HINOJOSA: If you're just joining us, this is TELL ME MORE from NPR News. We're talking about the book, "Rumor, Repression, and Racial Politics," with author George Derek Musgrove.

But, George, the reality is that not all of the officials that you wrote about were not without fault. Clearly, one that stands out is former D.C. Mayor Marion Barry. He was convicted in 1990 following, clearly, an FBI sting in which he was famously filmed smoking crack. How does this case fit into your story?

MUSGROVE: Sure. The Barry case is a fascinating one. I should point out before I get into it that my interest is in the level of disproportionality. In other words, that black elected officials are disproportionately investigated. And so I look at people who are both innocent and who may very well be guilty based on the facts that come out of the case.

HINOJOSA: And you're basically saying, look, people have to be invest - you're not saying they shouldn't be investigated.

MUSGROVE: No. I'm saying that all elected officials absolutely should be investigated if there's reason to investigate them. In the Barry case I use in the book is an example of a case where a black elected official who really is guilty of what they're charged - I mean, even Barry didn't deny that he had a serious substance abuse addiction - can use African-Americans' fear that the government is out to get them to beat a case. And he, essentially, is able to beat the case.

HINOJOSA: You talk about black politicians as kind of being the canaries in the mine, sort of like, if you can do this to a black politician and get away with it, it opens the door for this happening to other politicians. Is that what you're trying to say with this canary in the mine?

MUSGROVE: Roughly, yes. What I see here is that many of the currents that sweep across U.S. politics in the post-Civil Rights period have a disproportionate effect on African-Americans and so African-American elected officials tend to notice them earlier than other elected officials. And they effect other elected officials as well, but not usually as early and not as disproportionately. And so you see black elected officials essentially alerting the larger body politic to these problems, whether it be the growth of the surveillance state in the 1960s and '70s or the official corruption crackdown in the 1980s, which captures people like Marion Barry.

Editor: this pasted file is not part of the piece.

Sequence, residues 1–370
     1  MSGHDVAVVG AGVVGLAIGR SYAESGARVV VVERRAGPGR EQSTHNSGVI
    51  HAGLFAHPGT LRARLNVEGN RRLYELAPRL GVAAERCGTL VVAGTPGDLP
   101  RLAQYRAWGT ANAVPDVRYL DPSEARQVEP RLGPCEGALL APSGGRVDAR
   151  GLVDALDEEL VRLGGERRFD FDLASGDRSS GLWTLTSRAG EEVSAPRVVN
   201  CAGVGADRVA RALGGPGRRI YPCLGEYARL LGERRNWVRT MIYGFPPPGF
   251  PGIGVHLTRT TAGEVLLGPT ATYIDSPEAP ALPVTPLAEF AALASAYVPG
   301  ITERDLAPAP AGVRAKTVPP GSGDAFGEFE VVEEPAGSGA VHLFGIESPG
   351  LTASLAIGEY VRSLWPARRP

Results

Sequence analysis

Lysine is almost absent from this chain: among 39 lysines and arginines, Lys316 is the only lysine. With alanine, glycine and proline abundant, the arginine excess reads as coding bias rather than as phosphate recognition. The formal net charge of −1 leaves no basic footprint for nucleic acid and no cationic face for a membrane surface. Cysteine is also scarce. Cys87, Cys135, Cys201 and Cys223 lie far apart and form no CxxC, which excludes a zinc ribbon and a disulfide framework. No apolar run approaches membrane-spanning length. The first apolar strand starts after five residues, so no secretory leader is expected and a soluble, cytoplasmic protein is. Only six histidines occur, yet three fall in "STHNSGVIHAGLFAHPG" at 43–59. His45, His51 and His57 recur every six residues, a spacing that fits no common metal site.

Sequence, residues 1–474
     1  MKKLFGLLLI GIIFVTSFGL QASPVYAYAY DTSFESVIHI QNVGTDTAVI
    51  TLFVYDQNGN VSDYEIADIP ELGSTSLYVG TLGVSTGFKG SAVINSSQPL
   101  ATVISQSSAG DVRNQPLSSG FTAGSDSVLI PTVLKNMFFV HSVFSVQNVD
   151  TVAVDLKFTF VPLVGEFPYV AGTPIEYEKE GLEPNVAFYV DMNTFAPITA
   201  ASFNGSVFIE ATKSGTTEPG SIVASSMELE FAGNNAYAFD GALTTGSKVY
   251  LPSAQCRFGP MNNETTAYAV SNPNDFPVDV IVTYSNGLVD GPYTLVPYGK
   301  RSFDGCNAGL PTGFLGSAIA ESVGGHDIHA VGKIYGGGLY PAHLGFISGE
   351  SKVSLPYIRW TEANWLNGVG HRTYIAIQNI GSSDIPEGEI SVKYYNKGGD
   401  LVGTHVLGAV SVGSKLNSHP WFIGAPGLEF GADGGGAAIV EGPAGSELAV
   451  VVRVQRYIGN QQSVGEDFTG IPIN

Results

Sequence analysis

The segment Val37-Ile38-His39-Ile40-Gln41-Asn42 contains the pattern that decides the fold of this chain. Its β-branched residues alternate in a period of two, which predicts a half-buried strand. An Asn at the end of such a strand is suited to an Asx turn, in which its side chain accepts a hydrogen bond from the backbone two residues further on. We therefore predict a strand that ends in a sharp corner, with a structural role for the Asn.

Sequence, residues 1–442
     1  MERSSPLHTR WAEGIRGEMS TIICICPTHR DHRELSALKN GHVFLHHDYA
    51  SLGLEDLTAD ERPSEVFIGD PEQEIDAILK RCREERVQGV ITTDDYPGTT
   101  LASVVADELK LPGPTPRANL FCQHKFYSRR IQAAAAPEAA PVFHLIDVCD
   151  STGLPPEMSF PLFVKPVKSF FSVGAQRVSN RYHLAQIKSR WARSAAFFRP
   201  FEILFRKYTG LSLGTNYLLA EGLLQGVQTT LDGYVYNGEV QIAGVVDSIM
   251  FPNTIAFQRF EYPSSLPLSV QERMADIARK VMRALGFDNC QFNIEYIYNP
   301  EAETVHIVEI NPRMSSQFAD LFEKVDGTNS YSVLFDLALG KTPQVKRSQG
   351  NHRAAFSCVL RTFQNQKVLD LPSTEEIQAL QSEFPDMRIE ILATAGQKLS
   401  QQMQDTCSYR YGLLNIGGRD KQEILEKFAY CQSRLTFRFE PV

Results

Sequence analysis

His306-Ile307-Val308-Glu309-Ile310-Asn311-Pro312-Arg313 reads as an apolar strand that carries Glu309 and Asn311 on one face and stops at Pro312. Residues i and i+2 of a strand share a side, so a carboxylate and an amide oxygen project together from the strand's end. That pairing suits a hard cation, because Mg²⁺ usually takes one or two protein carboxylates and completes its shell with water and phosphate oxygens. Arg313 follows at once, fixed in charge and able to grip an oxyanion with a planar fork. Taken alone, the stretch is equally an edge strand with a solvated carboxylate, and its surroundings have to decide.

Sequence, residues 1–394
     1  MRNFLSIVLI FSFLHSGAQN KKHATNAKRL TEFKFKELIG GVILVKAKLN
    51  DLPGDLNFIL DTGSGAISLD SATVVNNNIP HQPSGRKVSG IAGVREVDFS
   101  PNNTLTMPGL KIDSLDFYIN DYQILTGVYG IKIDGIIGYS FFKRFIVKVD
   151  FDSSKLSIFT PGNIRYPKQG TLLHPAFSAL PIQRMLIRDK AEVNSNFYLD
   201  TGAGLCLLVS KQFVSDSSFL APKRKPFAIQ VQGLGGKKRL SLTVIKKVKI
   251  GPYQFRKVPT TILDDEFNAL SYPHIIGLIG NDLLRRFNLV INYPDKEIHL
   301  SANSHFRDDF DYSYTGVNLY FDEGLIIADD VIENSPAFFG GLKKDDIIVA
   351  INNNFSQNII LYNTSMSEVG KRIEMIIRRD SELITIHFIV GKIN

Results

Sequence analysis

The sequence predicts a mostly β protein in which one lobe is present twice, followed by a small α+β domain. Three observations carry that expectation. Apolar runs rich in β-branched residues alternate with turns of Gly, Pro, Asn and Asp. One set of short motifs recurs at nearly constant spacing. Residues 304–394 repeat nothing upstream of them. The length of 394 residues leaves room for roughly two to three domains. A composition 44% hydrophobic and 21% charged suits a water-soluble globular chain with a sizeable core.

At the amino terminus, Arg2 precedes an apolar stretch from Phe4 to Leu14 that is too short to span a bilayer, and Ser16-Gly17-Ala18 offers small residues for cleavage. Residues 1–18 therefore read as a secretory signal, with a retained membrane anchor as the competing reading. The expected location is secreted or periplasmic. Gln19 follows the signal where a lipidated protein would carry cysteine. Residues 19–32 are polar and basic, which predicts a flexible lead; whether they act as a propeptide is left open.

But many elected officials, black and white, are saying it's a little bit out of control, and so they're able to say to the larger body politic, look, this is a problem. We need to deal with this. It might not be working the way that everyone intended it to.

HINOJOSA: So let's just finish here in terms of reality and perception.


HINOJOSA: You say that, in the African-American community, there is a perception of this kind of harassment. In the end, are we left after reading your book, with a sense that it's a perception or it is definitely real?

MUSGROVE: Both. There's a perception based on a very specific reality. Black elected officials during the post-Civil Rights period are disproportionately investigated based on their numbers and the number of investigations that I've been able to look at. That doesn't necessarily mean, then, that every single black elected official who's investigated for a crime is not guilty, is being set up. By no means am I making that case, but the numbers are off. Many African-Americans see that and say, look. Something's wrong here.

That perception basically dies down in the mid-'90s when the disproportionality that we've seen throughout the post-Civil Rights period dies down. But it can always creep back up because people remember that history.

HINOJOSA: George Derek Musgrove is the author of the book, "Rumor, Repression, and Racial Politics." He joined us in our studios here in Washington, D.C.

George, thanks for stopping by.

MUSGROVE: Thank you.

(SOUNDBITE OF MUSIC) Transcript provided by NPR, Copyright NPR.